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Increasing female MPs in parliament propel women empowerment

women-posterDhaka, 12 February, Abnews : Women empowerment, the balancing of power relations between males and females at individual, household, society as well as national levels in Bangladesh, has achieved commendable success over the past two decades. And this process of transformation is positively influencing women’s participation in the key sectors: education, employment and income, and political representation.

Bangladesh, according to Global Gender Gap Report 2012, has been ranked the 8th in the world in terms of political empowerment of women owing to women- centric policies of the present government. Bangladesh focuses on giving women the power and authority they need to be men’s equals. It is one of the rarest nations where the prime minister, head of the opposition, and the speaker of the parliament are females.

With a cultural past of worst women deprivation, Bangladesh has come a long way in empowering women. The country is now the second largest manufacturer and exporter of garments and apparels with a majority women workers. Microcredit has flourished the rural economy to empower women in greater way. More than 80% of the microcredit beneficiaries are women.

Women entrepreneurship is highly encouraged here. In the past three years, more than 1,000 women have worked through a graduated business development project, which has diversified their income sources and increased their annual income by approximately 70%. The gender-based quota system has provided opportunities for women to shift social barriers and emerge as leaders. The majority of the female lawmakers in Bangladesh have come through the gender- based quota system.

Research has found that higher numbers of women in legislative bodies increases the attention to gender equality in policy making. One of the major milestones in Bangladesh’s history in women’s empowerment was the enactment of the Local Government (Union Parishad) Second Amendment Act in 1997 that provided for direct elections to reserved seats for women in local level elections.

The rights of the women are enshrined in the national constitution. The National Policy for Women’s Advancement stipulates equal partnership of women in development. Nevertheless, gender discrimination still continues within the society. Numeric representation of women in the national parliament (20%) and local government councils (25-30%) has increased, but overall women’s participation in the political spectrum still remains low. Once elected, many women don’t find themselves as equal decision makers in the political milieu.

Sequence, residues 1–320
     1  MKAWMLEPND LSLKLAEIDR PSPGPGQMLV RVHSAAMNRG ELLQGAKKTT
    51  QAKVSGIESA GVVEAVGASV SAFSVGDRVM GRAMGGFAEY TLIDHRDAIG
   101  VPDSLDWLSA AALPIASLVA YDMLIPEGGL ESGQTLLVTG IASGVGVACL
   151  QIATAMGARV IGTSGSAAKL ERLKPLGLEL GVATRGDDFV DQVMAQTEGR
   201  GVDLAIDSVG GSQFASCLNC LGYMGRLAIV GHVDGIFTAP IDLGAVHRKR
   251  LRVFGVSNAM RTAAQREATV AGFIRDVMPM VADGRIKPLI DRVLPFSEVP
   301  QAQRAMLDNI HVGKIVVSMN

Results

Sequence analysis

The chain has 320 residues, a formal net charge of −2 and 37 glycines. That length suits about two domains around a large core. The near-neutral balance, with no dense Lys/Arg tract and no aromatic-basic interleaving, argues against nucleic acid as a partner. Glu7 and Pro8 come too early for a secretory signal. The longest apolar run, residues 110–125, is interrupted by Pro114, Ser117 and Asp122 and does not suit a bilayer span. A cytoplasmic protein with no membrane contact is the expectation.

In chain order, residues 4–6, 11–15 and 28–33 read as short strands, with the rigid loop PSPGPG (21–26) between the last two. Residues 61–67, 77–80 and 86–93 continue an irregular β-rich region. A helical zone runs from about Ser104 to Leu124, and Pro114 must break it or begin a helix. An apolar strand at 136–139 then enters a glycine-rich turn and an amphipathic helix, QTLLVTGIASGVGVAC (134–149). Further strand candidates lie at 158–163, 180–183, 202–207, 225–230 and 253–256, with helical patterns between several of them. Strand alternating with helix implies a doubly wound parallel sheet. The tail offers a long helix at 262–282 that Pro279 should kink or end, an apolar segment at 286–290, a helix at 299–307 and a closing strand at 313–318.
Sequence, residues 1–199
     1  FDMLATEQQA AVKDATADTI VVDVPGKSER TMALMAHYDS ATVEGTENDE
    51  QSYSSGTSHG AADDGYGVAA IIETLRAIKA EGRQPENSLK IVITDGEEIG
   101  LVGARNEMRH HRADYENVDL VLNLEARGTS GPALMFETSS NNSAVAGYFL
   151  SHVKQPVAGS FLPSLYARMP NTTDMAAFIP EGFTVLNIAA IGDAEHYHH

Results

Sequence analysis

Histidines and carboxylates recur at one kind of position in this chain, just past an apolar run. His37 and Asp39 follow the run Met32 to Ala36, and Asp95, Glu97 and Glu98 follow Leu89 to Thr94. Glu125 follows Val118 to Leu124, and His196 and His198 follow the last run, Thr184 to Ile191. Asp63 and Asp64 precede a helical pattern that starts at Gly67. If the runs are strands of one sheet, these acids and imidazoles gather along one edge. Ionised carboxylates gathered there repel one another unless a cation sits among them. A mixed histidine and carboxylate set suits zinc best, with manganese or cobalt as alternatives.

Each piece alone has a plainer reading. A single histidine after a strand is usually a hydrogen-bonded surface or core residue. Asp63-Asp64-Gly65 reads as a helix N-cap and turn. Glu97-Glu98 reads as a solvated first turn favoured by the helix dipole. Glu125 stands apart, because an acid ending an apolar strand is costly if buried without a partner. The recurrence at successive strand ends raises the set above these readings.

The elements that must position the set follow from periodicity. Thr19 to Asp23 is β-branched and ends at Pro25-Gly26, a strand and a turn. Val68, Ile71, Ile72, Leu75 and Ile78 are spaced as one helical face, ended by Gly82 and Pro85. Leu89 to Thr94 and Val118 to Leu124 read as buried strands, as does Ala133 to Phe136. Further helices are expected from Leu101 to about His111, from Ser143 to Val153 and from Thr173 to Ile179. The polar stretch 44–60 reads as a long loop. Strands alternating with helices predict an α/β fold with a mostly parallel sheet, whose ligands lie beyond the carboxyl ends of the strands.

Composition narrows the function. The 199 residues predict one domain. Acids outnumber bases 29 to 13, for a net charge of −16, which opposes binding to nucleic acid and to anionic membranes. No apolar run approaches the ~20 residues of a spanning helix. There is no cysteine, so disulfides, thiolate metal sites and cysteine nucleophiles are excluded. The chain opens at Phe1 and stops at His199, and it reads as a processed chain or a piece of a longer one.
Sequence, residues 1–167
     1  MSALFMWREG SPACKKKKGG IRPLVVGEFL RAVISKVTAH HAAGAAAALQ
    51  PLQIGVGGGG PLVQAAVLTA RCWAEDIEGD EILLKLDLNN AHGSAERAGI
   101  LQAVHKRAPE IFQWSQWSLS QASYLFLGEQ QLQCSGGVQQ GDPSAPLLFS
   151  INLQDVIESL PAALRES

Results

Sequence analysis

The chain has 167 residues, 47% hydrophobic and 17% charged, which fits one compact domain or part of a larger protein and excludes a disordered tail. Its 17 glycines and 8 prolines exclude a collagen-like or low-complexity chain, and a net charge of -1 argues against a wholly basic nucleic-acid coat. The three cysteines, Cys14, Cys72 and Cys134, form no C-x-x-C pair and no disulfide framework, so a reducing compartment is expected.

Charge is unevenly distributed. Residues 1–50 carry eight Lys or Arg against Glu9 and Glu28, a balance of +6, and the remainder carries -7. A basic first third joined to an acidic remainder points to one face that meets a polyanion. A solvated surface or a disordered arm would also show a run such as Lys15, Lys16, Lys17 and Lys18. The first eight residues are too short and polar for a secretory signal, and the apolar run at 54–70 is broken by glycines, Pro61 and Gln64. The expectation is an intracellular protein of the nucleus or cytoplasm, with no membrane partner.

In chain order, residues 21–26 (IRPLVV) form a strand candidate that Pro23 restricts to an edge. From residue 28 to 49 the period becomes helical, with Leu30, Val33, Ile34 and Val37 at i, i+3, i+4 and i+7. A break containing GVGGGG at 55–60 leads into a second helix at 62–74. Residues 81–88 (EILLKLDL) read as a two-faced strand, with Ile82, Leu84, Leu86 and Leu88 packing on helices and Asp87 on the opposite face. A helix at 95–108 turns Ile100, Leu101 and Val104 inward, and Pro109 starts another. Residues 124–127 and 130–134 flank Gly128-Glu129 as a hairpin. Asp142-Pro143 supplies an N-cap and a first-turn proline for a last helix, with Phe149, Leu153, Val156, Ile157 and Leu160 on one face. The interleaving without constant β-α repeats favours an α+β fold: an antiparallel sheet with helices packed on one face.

Despite being nearly half of the total population, the status of women is, however, much lower than that of men in every scope of life. With the progression of time, the facts have now been recognized that without ensuring women development, the national development cannot be achieved and or not sustainable.

Women’s equal participation in political life plays a pivotal role in the general process of the advancement of women. It is not only a demand for simple justice or democracy but can also be seen as a necessary condition for women’s interests to be taken into account.

Without the active participation of women and the incorporation of women’s standpoint at all levels of decision- making, the goals of equality, development and peace cannot be achieved. Bangladesh has made progress in attaining women empowerment in various areas, including fertility, infant and child mortality and female education. Education is essential to reduce discrimination and violence against girls and women.

The country has made great progress in this area, already achieving gender parity in primary and secondary education. Yet it continues to experience a sharp drop in the number of women entering tertiary education. Women’s employment in non-agricultural sector is currently around 25%. In another instance, Bangladesh had done remarkably well in reducing maternal mortality rate by 40% in the last nine years. It is also heartening to know, that after China and Nepal, Bangladesh is the only country, surpassing India, Pakistan and Afghanistan, with the highest number of women taking part in the ‘labor force.’

Besides, statistics also reveal that a Bangladeshi woman, on average, earns about 55-60% of what a man earns yearly. Even in this regard, the country is closing the gap between it and China, Sri Lanka and Vietnam. Today, Bangladeshi women have the benefit of enjoying a freedom where they can go out of their own houses to places like fairs, markets without anybody accompanying them for security.

 

Abn/Wed-01/National/Desk/MR/Mustafiz/Fatama

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